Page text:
Estimation of the Yield Stress of Cement Pastes from Electrical Resistivity Measurement

Mbujje Joel Webster, Wei XiaoSheng, Makorogo Javilla Barugahare

American Journal of Civil Engineering and Architecture

Estimation of the Yield Stress of Cement Pastes from Electrical Resistivity Measurement

Mbujje Joel Webster1,, Wei XiaoSheng1, Makorogo Javilla Barugahare2

1School of Civil Engineering and Mechanics, Huazhong University of Science and Technology, 430074, Wuhan, China

2State Key Laboratory of Silicate, Wuhan University of Technology, 430070, Wuhan, China

Abstract

This study proposes a continuous method for predicting the yield stress development from mixing until the final setting point. Samples prepared with water to cement ratios (w/c) of 0.3, 0.35 and 0.4 are tested using a vane in cup rheometer, a Vicat needle and a non contact electrical resistivity machine (NC-ERM). Times corresponding to the initial yield stress (ta), a dramatic increase in the yield stress (tb), a maximum torque reading on the rheometer (tc), an initial setting (td) and a final setting (te) on the yield stress-time (τ(t)-t) curve are correlated with the time at a point of inflexion (tP) on the bulk resistivity-time (ρ(t)-t) curve. A quantitative relationship developed between the yield stress and electrical resistivity shows a good agreement with experimental data.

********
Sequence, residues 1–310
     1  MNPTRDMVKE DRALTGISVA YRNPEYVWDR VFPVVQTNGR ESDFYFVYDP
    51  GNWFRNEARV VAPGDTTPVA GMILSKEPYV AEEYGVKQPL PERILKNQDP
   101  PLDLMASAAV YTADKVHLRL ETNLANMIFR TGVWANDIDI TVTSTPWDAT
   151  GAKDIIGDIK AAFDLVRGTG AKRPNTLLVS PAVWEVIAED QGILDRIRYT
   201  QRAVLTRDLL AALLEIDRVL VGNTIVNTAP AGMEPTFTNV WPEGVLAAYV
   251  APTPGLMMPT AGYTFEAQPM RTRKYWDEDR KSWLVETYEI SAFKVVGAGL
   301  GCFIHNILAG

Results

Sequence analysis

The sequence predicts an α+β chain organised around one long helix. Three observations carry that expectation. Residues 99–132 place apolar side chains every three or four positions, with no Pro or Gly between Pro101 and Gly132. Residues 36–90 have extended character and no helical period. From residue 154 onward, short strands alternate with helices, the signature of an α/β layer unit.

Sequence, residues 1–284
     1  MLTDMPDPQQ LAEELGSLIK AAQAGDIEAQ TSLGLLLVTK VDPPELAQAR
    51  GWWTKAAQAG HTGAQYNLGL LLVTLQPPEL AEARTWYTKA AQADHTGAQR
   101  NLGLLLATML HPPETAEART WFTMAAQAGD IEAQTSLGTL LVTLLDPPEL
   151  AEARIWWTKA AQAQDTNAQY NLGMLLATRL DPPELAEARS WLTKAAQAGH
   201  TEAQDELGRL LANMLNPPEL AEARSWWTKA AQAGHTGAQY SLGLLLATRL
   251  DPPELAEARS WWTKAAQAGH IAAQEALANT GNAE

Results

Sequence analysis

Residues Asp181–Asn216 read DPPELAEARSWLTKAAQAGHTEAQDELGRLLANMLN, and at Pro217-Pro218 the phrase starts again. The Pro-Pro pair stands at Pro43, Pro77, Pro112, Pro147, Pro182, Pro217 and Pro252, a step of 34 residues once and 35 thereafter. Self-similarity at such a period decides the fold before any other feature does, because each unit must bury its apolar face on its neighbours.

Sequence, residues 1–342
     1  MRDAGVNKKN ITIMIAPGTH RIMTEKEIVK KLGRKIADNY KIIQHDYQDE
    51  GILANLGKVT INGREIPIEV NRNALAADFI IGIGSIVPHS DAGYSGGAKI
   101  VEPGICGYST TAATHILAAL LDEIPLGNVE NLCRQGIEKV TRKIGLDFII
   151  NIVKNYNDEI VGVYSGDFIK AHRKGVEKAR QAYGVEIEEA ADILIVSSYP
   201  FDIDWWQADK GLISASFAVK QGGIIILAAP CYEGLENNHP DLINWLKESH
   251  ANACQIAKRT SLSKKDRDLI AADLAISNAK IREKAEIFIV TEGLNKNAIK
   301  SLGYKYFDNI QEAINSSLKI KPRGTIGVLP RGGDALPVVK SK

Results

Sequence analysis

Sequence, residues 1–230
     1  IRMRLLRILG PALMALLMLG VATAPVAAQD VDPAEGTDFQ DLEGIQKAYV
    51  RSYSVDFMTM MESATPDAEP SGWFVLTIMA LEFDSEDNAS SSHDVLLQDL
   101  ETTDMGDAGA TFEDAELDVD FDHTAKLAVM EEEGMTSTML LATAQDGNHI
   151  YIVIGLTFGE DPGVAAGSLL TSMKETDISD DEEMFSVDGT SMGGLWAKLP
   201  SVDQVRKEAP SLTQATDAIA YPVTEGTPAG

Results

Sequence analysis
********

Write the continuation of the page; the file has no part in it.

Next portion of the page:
Cite this article:

  • Mbujje Joel Webster, Wei XiaoSheng, Makorogo Javilla Barugahare. Estimation of the Yield Stress of Cement Pastes from Electrical Resistivity Measurement. American Journal of Civil Engineering and Architecture. Vol. 4, No. 4, 2016, pp 125-132. http://pubs.sciepub.com/ajcea/4/4/3
  • Webster, Mbujje Joel, Wei XiaoSheng, and Makorogo Javilla Barugahare. "Estimation of the Yield Stress of Cement Pastes from Electrical Resistivity Measurement." American Journal of Civil Engineering and Architecture 4.4 (2016): 125-132.
  • Webster, M. J. , XiaoSheng, W. , & Barugahare, M. J. (2016). Estimation of the Yield Stress of Cement Pastes from Electrical Resistivity Measurement. American Journal of Civil Engineering and Architecture, 4(4), 125-132.
  • Webster, Mbujje Joel, Wei XiaoSheng, and Makorogo Javilla Barugahare. "Estimation of the Yield Stress of Cement Pastes from Electrical Resistivity Measurement." American Journal of Civil Engineering and Architecture 4, no. 4 (2016): 125-132.

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At a glance: Figures

1. Introduction and Methodology